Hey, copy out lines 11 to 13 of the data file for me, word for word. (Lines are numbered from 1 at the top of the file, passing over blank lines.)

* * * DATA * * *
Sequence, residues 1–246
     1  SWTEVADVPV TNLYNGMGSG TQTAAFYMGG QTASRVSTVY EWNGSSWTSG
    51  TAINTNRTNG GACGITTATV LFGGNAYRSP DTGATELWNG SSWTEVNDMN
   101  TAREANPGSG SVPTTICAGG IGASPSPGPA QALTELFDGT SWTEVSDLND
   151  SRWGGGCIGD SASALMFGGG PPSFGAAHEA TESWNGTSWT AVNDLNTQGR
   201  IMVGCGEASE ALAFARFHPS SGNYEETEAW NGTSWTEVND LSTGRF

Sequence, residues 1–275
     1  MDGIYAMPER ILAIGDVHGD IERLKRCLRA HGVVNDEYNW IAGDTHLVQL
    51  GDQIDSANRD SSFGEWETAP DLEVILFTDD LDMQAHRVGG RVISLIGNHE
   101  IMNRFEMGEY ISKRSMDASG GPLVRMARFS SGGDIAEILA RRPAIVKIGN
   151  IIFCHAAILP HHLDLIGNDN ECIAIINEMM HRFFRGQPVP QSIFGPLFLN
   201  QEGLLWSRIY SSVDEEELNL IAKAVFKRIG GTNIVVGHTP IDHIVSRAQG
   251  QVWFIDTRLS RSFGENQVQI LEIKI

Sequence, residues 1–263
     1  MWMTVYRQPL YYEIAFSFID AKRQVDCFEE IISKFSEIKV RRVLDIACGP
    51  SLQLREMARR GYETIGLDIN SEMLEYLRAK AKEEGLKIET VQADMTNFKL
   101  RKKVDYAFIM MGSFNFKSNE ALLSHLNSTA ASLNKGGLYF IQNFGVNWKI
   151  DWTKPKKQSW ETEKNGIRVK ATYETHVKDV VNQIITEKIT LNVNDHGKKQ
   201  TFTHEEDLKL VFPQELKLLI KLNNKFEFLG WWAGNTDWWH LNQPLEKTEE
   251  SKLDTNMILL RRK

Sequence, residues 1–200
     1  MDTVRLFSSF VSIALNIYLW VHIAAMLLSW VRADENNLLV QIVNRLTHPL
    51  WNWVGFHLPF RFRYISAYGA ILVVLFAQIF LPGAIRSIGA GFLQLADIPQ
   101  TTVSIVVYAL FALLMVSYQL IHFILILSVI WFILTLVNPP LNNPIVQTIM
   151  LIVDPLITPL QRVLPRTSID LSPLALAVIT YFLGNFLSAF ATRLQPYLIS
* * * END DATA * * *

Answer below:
   151  IIFCHAAILP HHLDLIGNDN ECIAIINEMM HRFFRGQPVP QSIFGPLFLN
   201  QEGLLWSRIY SSVDEEELNL IAKAVFKRIG GTNIVVGHTP IDHIVSRAQG
   251  QVWFIDTRLS RSFGENQVQI LEIKI